UNRWA Commissioner-General calls on donors to honor Syria funding pledges
20 February, Geneva, Switzerland -- Speaking yesterday at a meeting of the Syria Humanitarian Forum in Geneva, Switzerland, UNRWA Commissioner-General Filippo Grandi spoke of the vulnerability of the 500,000-strong Palestinian community in Syria, and called on all donors to honor the pledges they made at last months’s fundraising conference in Kuwait.
Grandi said that UNRWA would continue to operate in the embattled country, despite intense challenges. He appealed to all the parties to the conflict to respect the neutrality of the Palestinians in Syria, as well as UNRWA installations there.
The full transcript of his speech is below.
“The issue of the Palestine refugees in Syria continues to be sensitive and of concern to UNRWA. Since December, the negative impact of the conflict on Palestine refugees in Syria has increased dramatically. They continue to be one of the elements of a much larger crisis, but an element that, because of its sensitivity, needs special attention, we believe. So we are grateful for this opportunity.
There are over 500,000 Palestinians in Syria; we estimate that 400,000 now are in need of additional assistance. Bear in mind also that 63 years of investment in health, education and other services for these refugees is also being torn apart, together with entire communities, by the conflict that prevails in the country. Displacement of Palestine refugees within Syria is increasing. We estimate now that 50 per cent of the entire population has fled their homes. Camps and concentrations of Palestinians around Damascus and Dera'a are now largely empty.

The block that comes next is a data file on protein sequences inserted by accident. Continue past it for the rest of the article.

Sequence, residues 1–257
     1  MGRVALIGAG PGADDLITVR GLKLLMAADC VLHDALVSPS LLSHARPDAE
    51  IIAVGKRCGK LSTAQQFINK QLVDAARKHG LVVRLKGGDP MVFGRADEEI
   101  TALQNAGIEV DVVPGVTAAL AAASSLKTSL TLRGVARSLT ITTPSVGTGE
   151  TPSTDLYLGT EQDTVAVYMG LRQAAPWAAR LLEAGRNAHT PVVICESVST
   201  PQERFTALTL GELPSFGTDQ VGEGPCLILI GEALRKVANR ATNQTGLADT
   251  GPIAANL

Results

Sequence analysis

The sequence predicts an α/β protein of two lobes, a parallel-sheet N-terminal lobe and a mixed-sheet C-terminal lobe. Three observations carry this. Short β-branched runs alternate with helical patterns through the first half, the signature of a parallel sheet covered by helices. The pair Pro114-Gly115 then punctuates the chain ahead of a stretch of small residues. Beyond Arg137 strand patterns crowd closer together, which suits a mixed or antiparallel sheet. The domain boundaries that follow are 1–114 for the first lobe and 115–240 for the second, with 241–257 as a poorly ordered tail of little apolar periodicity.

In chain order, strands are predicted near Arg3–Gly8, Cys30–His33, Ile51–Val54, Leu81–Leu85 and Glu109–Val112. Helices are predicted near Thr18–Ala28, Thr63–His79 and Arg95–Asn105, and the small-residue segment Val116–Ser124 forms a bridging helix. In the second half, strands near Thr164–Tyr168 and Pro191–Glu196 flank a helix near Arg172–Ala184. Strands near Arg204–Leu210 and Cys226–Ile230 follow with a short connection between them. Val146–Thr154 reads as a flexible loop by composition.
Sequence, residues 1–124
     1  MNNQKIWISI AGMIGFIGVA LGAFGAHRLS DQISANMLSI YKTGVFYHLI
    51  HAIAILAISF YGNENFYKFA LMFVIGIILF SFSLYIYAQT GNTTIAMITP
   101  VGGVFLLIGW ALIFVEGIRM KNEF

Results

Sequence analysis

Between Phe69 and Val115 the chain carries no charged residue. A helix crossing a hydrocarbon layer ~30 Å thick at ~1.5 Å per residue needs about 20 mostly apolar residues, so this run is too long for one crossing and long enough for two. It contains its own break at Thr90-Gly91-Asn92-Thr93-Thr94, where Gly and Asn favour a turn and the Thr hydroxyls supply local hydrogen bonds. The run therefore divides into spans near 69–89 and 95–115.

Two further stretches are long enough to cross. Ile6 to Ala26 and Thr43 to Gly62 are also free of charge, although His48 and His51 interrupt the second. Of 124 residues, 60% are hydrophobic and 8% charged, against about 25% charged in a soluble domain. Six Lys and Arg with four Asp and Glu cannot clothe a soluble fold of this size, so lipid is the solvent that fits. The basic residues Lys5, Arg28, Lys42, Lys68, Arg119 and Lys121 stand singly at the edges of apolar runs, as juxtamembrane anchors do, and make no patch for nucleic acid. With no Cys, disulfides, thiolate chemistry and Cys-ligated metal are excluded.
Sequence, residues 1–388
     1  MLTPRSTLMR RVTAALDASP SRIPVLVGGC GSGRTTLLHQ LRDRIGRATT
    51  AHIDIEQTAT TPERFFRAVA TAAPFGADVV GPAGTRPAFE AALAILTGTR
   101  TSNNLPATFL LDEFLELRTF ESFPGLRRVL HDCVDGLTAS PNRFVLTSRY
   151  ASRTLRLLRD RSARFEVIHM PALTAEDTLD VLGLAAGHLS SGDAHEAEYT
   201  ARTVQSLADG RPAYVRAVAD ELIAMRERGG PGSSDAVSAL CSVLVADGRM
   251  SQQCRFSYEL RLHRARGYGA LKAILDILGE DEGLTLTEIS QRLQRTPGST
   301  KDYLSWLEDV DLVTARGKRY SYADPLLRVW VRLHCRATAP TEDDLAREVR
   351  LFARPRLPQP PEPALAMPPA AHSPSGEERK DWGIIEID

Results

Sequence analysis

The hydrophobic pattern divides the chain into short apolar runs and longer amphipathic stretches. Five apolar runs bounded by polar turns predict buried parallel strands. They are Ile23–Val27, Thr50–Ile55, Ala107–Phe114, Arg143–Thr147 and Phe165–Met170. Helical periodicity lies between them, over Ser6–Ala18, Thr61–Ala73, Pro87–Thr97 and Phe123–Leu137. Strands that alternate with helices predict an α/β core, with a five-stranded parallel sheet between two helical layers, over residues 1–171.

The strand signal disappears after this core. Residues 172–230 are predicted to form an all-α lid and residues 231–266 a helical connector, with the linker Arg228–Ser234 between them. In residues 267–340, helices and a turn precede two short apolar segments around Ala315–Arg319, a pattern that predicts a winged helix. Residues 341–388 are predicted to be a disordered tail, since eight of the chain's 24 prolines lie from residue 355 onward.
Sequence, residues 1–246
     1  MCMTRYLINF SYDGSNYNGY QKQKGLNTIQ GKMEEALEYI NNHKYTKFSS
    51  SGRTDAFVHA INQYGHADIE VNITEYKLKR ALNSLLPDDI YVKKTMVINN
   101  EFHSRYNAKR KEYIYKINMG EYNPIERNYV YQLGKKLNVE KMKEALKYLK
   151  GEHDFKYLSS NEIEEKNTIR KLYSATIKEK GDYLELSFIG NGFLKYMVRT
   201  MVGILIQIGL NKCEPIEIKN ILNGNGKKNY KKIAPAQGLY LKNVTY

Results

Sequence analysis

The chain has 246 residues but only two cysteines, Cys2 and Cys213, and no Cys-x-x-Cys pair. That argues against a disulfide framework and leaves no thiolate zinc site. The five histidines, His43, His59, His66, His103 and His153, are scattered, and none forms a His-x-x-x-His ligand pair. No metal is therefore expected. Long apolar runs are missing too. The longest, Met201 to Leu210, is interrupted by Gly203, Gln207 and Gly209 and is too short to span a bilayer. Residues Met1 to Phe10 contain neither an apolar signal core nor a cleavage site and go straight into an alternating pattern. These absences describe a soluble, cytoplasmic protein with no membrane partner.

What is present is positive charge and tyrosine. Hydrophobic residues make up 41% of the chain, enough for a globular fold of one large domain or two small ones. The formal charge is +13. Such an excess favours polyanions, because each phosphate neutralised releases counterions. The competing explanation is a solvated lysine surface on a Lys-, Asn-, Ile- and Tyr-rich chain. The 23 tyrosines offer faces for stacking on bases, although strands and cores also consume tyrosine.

In particular, I would like to draw attention to the situation in Yarmouk, a suburb of Damascus originally hosting 150,000 Palestine refugees. We estimate that only 20,000 are left there. It is essential to restore the access of humanitarian agencies, in particular UNRWA, to Yarmouk, and to create conditions for the return of Palestinians to Yarmouk. Humanitarian space must be created, and this can only be achieved through cooperation between the parties of the conflict.
Another key problem is that Palestinians have limited external flight options. Jordan has maintained a policy of not allowing Palestinians to enter. While we appreciate the difficulties and the long history of hospitality by Jordan, we would like to appeal to Jordan to maintain the door open. We would like to praise Lebanon for having taken in almost 30,000 Palestine refugees, in spite of the incredible burden represented already by Syrians.
I would like to stress that UNRWA continues to operate in Syria, despite the challenges and excruciating choices that we have to make every day: Should we keep a school open, or not; should we keep a health centre open, or not.
Finally, we would like to appeal to the parties to respect the neutrality of refugees and of UNRWA installations, and would like to appeal to all donors to honor the pledges made in Kuwait, especially donors in the region who have pledged so generously. We would like these pledges to be translated into funding for UNRWA and other agencies.
There is a small document outside that gives details of our operations, and our concerns.
Thank you very much.”
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